I actually don’t think the 737 Max transition would hurt them too much. They could still have great turnaround times and be pretty efficient overall. I think about the comparison to other airlines. They have many more models. Having 2 slightly different jets probably wouldn’t create too much difficulty, actually. If the crews could be dual qualified, then it would be pretty seamless on that end and you would have to worry about maintenance differences. I think cheap fuel would not change the game too much due to the differences in how they operate their aircraft.
I think their biggest risk is that they lose their way as they expand internationally. International flights could bring some challenges in my opinion, and they will have to continue down that path to maintain growth.
One parting tidbit of knowledge….next time you’re at the airport, compare the taxi speeds between SWA and the other airlines. You’ll notice a difference as they race the smaller 737 around quickly to save fuel on the ground and decrease overall turn times. (Downside is the safety compromise with increased speeds).
Very interesting post, Ko. I knew that they were prevalent in the sport, but didn’t realize they were that dominant! A couple of follow up questions/thoughts:
– Do they use the high dollar items to help offset their R&D costs?
– With their core target being the high end market, do you think it decreases the perceived value (of the product and the brand) when they discount the product for the masses?
– For their new products, do they provide these to racers for free or do the racers expect them for free as a “sponsor”?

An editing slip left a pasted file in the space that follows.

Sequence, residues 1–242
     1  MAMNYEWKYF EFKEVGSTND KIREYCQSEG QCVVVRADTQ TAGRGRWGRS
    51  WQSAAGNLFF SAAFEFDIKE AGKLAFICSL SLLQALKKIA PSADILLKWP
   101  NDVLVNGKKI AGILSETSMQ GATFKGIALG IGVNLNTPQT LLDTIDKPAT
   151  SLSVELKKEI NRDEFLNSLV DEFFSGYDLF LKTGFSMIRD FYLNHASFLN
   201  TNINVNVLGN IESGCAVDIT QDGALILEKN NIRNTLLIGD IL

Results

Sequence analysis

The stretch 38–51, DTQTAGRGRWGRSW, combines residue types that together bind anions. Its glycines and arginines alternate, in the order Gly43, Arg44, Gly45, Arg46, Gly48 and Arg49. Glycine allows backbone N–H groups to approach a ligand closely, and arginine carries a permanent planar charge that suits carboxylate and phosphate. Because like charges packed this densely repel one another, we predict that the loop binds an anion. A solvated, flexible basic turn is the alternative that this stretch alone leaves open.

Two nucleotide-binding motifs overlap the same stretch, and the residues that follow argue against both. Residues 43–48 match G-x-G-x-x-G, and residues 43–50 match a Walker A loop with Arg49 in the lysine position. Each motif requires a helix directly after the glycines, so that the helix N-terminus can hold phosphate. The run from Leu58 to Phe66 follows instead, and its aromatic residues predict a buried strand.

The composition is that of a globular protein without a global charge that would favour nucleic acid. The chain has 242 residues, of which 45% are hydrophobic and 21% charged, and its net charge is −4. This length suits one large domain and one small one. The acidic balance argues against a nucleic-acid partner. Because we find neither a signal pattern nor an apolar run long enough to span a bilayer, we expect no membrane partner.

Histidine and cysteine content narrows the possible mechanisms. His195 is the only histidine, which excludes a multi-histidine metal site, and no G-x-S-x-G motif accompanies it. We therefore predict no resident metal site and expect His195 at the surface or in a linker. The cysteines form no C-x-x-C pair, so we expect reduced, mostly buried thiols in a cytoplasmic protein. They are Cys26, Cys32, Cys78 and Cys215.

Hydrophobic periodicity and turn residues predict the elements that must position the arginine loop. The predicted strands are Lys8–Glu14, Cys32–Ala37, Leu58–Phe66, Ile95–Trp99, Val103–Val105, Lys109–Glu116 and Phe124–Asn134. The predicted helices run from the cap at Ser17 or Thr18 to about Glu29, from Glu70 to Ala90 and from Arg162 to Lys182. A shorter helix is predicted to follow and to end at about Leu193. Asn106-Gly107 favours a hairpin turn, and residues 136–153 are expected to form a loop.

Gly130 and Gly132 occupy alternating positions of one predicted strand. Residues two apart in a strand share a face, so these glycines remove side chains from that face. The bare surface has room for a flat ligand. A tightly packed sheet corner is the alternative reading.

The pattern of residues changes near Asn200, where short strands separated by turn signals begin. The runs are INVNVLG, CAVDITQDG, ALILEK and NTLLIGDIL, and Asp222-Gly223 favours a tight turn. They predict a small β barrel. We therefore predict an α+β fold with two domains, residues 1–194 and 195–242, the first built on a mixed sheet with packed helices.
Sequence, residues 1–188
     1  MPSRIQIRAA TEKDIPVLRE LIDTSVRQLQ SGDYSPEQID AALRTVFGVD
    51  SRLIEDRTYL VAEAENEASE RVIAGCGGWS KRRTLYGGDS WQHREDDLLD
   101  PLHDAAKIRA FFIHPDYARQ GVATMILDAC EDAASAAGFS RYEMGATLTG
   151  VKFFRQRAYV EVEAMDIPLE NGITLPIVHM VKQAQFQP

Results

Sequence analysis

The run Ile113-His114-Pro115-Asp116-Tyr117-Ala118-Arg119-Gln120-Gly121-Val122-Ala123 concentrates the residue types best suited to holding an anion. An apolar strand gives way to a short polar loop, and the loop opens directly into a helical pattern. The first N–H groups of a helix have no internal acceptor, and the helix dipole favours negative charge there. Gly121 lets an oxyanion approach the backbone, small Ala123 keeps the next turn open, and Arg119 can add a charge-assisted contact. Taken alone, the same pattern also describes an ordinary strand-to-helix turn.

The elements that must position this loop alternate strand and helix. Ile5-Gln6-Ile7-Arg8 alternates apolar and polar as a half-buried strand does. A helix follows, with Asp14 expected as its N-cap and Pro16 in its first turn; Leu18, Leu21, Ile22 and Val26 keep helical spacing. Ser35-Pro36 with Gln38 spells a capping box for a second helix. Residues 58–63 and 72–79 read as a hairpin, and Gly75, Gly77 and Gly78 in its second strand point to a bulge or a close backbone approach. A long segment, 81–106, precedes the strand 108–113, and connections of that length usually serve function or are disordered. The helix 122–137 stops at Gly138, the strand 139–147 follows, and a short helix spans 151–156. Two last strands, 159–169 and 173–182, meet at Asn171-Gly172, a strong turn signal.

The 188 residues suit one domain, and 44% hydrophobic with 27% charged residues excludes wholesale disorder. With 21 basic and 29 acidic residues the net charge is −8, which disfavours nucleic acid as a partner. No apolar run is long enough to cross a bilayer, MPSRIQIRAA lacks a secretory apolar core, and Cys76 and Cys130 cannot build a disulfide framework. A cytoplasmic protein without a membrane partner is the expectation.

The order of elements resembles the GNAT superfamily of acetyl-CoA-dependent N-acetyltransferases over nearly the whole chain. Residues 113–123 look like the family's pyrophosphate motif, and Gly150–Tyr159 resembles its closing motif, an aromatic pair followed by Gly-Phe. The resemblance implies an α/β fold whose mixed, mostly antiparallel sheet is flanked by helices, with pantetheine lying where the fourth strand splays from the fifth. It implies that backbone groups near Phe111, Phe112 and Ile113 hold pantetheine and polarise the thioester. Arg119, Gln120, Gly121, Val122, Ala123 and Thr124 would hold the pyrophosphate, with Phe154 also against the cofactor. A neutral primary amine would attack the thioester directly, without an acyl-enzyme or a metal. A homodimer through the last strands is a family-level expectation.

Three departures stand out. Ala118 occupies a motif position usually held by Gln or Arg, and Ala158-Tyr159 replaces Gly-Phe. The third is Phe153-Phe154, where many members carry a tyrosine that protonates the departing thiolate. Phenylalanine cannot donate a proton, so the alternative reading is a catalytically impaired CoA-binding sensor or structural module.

– I really like how they master the design and recoup significant costs before outsourcing and degrading for the mass market. It seems like a great way to pay for the innovation and still make it easily accessible by the common cyclist.
Thomas, very well done analysis.
As I was reading, I was thinking about how they are basically moving their inventory holding from raw materials to a finished good inventory. While I agree that they have less opportunity for spoilage on the raw materials side, there must be some amount of spoilage of the pizzas that have already been cooked (finished goods). I’m assuming they have some sort of model for helping plan anticipated demand to keep this at a minimum. Did you find any evidence of this?
Also, with respect to your comment on their waiting area, it indeed has to be almost minimal due to their ability to move customers in and out relatively quickly. In response to Vitali’s comment, I think they probably occupy lower rent locations to help keep this cost down. The way I see it, they are comparable to a pizza by the slice restaurant that you see in NYC or other large cities. The value proposition they have that those don’t is the affordability of the entire pizza which makes them a more viable to families when times are busy and planning is limited.